Fintech's great, but traditional banking still goes down well in HK
Updated: 2017-03-31 07:12
Financial technology (fintech) proponents, who have been dumping on Hong Kong for its backwardness, may like to know that mobile banking has proved to be particularly successful in Africa rather than in any of the neighboring economies that are supposed to have left Hong Kong in the dust.
The reason of the wide use of mobile, or internet, banking in Africa is that many consumers cannot gain access to traditional banking facilities, according to a BBC report. It's mobile or nothing.
That's definitely not the case in Hong Kong. The city is saturated with bank branches and automatic teller machines that can be found in almost every neighborhood. And, this is not a recent phenomenon. There's an old Cantonese saying which can be translated to mean there are more bank branches than rice shops. (In the bad old days, there used to be a rice shop in almost every city block to cater to poor families which didn't have money to stock up.)
As one prominent banker put it, nobody enjoys going to a bank. But, the usually efficient and courteous services at most local banks has made the chore seemingly bearable. Preferred customers can expect to be treated to tea or coffee by smartly-dressed bank staff.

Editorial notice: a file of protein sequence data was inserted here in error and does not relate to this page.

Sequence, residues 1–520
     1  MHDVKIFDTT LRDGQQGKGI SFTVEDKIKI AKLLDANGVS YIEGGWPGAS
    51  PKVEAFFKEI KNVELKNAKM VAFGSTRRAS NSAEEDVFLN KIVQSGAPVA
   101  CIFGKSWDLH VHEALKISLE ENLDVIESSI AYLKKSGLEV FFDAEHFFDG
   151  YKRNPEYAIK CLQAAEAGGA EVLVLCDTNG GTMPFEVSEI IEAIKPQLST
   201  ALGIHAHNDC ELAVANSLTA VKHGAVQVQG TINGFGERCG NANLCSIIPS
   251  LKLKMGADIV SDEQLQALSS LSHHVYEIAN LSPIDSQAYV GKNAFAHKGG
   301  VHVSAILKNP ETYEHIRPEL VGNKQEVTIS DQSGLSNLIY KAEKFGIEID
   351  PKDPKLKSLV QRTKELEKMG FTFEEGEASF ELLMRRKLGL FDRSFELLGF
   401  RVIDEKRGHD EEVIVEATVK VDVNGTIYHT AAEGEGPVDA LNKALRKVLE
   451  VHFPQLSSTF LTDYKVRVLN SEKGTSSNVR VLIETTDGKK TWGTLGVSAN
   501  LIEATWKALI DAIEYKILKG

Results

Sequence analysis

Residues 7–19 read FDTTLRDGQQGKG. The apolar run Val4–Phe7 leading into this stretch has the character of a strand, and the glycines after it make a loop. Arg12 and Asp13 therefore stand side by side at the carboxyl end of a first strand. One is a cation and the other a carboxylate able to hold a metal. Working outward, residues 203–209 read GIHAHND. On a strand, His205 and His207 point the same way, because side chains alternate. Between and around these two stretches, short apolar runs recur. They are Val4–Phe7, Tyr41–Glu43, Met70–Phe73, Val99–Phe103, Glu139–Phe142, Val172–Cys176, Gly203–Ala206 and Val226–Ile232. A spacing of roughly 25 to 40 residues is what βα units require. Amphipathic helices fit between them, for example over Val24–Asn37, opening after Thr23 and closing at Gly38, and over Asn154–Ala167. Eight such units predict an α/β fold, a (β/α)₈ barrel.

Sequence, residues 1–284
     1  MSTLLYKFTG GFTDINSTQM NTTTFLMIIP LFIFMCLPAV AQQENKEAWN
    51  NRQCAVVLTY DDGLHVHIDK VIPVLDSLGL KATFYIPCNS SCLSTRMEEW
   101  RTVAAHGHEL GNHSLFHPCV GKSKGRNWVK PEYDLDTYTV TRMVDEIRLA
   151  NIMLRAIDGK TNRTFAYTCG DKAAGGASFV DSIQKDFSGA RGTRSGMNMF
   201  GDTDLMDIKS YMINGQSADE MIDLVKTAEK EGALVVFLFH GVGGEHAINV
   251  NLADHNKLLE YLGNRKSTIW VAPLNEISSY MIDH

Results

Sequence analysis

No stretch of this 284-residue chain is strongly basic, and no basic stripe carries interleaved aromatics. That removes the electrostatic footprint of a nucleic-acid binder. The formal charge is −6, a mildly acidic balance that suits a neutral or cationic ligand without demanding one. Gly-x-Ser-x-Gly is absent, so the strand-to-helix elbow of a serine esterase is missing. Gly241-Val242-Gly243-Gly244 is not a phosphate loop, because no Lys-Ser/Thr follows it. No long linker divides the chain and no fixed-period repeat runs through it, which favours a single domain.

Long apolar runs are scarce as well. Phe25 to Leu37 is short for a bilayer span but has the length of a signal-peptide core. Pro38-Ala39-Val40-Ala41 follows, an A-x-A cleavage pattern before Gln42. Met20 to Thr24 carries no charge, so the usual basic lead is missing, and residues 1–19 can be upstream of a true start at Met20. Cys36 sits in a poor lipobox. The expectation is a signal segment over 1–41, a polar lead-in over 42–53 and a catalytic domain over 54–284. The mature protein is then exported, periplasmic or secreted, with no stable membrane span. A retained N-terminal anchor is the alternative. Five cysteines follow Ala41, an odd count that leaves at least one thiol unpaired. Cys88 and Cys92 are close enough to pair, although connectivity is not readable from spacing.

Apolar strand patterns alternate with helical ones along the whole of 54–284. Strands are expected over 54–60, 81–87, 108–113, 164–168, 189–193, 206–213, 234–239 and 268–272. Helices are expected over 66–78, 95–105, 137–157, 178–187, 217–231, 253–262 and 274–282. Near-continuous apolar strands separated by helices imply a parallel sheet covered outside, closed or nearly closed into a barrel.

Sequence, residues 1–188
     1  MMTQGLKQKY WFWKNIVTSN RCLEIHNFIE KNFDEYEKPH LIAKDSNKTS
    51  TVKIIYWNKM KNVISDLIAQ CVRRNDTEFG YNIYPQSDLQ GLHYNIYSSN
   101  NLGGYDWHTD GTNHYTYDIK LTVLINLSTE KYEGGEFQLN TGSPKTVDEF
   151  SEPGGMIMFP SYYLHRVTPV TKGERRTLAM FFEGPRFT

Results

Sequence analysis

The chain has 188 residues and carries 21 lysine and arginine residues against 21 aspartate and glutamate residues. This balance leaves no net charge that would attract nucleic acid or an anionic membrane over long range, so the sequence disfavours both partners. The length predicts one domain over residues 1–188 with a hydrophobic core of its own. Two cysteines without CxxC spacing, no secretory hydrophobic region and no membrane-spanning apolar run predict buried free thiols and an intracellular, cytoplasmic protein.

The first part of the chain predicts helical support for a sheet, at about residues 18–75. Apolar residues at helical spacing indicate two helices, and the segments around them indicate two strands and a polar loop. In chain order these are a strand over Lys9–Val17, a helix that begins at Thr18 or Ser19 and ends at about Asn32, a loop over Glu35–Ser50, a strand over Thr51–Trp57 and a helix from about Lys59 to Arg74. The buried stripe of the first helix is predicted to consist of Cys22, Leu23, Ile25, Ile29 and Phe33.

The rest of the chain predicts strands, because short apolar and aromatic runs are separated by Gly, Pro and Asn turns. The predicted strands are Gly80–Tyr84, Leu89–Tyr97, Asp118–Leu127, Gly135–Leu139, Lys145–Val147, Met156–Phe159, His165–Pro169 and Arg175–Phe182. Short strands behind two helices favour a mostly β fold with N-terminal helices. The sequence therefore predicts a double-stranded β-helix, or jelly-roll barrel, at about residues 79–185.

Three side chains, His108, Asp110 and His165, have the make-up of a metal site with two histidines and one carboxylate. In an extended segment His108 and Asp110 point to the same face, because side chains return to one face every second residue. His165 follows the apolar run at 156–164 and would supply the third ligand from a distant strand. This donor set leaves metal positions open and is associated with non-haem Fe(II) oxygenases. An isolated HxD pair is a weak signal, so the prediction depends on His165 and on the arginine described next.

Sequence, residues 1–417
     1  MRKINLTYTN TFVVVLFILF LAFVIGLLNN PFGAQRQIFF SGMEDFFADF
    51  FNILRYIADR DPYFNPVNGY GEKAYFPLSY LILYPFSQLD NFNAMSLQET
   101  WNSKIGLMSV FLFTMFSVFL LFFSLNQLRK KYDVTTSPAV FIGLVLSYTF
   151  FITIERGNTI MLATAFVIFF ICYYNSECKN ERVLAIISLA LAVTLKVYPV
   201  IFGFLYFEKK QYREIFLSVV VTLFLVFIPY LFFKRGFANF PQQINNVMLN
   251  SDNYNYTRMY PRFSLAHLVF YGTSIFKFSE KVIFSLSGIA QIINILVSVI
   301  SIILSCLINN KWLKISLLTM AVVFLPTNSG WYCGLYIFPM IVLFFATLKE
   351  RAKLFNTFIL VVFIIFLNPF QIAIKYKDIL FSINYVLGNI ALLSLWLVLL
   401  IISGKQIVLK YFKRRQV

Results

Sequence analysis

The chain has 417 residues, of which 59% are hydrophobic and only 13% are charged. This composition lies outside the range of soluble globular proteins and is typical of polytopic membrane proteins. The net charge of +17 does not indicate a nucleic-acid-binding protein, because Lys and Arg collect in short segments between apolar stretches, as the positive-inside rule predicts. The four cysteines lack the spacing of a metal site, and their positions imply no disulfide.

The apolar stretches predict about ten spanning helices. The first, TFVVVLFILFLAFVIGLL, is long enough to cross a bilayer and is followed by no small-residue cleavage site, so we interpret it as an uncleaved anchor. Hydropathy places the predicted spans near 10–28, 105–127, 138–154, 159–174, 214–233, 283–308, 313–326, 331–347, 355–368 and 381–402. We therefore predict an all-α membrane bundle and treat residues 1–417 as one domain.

The usual crowds at bank branches in Hong Kong's business districts and residential neighborhoods show that many people still prefer to do their banking the traditional way. As such, the demand for mobile banking and other fintech services is not strong enough to motivate banks to invest big in technology.
Despite the proliferation of online payment services, many people still choose to pay their monthly utility bills with cash at convenience stores close to where the live or work. Indeed, Hong Kong is still very much a cash society. Many shops and restaurants outside the busy commercial areas only take cash, while some charge customers a fee for paying with credit cards.
Critics are right in pointing out that Hong Kong is falling behind many neighboring economies, notably Singapore and South Korea, in fintech investment. To catch up, banks will have to work harder to convince consumers that going mobile can save them time and money.
To catch up with neighboring economies, Hong Kong should spare no effort in promoting fintech investment, but banks will have to do more to convince customers to go mobile. Provided To China Daily
(HK Edition 03/31/2017 page9)